Digital Photography Exposure ChallengeThere were quite a few photographic challenges I faced, including digital photography exposure for the snow and the glaciers.
Many photo instructors teach that when shooting snow, you should use the exposure compensation feature on the camera and overexpose by 1 1/3 f/stops or some other amount they specify. Because exposure meters are programmed to understand middle toned subjects correctly, they respond to snow by underexposing it in an attempt to make it middle toned. After all, dark gray snow is middle toned. By overexposing, you can compensate for the anticipated underexposure, thus arriving at a correct reading.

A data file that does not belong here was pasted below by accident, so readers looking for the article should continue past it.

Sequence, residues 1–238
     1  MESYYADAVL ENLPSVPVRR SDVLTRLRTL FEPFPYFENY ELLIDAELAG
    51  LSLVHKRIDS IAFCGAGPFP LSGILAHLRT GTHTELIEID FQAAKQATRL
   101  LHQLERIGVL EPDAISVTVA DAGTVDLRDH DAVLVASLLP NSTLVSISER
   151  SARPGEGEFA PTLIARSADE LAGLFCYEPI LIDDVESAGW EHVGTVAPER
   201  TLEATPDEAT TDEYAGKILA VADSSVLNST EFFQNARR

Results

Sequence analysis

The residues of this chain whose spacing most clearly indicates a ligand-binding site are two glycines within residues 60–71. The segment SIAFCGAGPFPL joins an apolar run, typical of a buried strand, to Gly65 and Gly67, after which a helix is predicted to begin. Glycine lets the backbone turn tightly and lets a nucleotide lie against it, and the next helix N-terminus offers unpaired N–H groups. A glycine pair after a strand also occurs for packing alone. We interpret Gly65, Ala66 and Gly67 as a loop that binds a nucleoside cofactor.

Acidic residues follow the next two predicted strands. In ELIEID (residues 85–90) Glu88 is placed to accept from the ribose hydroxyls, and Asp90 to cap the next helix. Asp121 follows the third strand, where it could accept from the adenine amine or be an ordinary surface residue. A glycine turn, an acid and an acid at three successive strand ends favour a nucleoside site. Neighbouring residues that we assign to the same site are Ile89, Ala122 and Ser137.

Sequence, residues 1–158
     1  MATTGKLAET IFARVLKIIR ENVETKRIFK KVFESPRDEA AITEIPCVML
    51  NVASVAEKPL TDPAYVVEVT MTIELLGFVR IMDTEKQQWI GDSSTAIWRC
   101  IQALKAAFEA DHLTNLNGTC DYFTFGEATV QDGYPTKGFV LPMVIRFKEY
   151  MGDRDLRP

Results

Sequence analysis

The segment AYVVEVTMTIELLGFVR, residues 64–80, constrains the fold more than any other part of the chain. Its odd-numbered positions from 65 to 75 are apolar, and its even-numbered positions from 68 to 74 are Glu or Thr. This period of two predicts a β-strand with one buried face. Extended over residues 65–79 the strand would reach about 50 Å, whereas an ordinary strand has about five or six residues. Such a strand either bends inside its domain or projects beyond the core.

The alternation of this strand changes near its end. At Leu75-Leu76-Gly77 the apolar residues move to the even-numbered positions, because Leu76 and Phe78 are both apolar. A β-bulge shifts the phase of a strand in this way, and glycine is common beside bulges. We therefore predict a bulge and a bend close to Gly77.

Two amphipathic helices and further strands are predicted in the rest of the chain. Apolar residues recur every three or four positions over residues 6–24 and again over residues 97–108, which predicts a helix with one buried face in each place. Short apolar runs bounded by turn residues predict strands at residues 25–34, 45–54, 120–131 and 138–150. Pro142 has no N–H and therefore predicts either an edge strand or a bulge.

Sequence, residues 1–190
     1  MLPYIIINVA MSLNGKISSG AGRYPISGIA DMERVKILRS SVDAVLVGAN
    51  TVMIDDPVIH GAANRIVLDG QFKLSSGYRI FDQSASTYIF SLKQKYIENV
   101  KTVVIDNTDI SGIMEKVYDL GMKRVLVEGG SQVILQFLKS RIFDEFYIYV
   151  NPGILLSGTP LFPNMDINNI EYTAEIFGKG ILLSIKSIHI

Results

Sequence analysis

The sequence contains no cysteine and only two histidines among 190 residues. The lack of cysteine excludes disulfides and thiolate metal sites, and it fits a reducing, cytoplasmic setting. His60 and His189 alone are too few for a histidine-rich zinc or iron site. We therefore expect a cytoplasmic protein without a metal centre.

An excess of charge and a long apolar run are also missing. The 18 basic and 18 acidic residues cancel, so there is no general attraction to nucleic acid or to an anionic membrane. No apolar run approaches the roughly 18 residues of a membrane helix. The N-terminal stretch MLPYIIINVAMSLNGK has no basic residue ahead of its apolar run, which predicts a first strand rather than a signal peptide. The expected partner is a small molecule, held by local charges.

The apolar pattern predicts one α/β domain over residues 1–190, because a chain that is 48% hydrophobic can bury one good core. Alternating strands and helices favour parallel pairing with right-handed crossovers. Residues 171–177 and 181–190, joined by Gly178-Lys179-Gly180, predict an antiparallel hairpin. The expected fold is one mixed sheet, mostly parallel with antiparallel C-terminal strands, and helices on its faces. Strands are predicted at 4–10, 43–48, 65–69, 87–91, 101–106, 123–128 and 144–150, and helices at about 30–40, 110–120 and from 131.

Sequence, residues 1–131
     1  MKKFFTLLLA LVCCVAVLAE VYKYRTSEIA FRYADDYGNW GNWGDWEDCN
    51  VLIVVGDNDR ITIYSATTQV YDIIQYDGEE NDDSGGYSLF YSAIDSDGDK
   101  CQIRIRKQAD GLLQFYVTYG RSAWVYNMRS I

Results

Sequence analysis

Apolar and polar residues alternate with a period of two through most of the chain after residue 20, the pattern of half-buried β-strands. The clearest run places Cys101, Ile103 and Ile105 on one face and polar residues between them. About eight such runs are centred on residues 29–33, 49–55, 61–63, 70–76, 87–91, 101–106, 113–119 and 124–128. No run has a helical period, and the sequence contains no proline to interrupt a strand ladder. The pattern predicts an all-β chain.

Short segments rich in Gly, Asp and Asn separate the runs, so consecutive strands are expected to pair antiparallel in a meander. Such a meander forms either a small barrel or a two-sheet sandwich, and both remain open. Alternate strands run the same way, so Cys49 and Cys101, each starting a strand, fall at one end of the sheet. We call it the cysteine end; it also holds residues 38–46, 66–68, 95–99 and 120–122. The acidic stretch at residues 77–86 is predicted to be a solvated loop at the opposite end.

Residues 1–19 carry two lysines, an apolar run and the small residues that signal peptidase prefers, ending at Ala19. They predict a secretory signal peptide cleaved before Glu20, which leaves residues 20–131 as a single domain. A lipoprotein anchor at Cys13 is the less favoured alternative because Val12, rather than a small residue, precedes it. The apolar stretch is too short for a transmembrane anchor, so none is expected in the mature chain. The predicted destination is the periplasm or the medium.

I don't do that. I use a zero compensation on my camera - i.e., I make no correction at all.
Many photographers disagree with me on this approach, but please understand that once those highlights are "blown" - meaning a complete loss of detail due to the overexposure such that areas of the image are solid white - they can't be recovered (not even with the recovery slider in Adobe Camera Raw). Since Raw files have the ability to lighten shadows remarkably, I would rather suffer a slight gain in digital noise rather than lose detail in the highlights.
Having said that, I have made many large prints (20 x 30 and larger) from my Raw files in which I underexposed by minus 2/3 f/stops, and I see no gain in noise at all.
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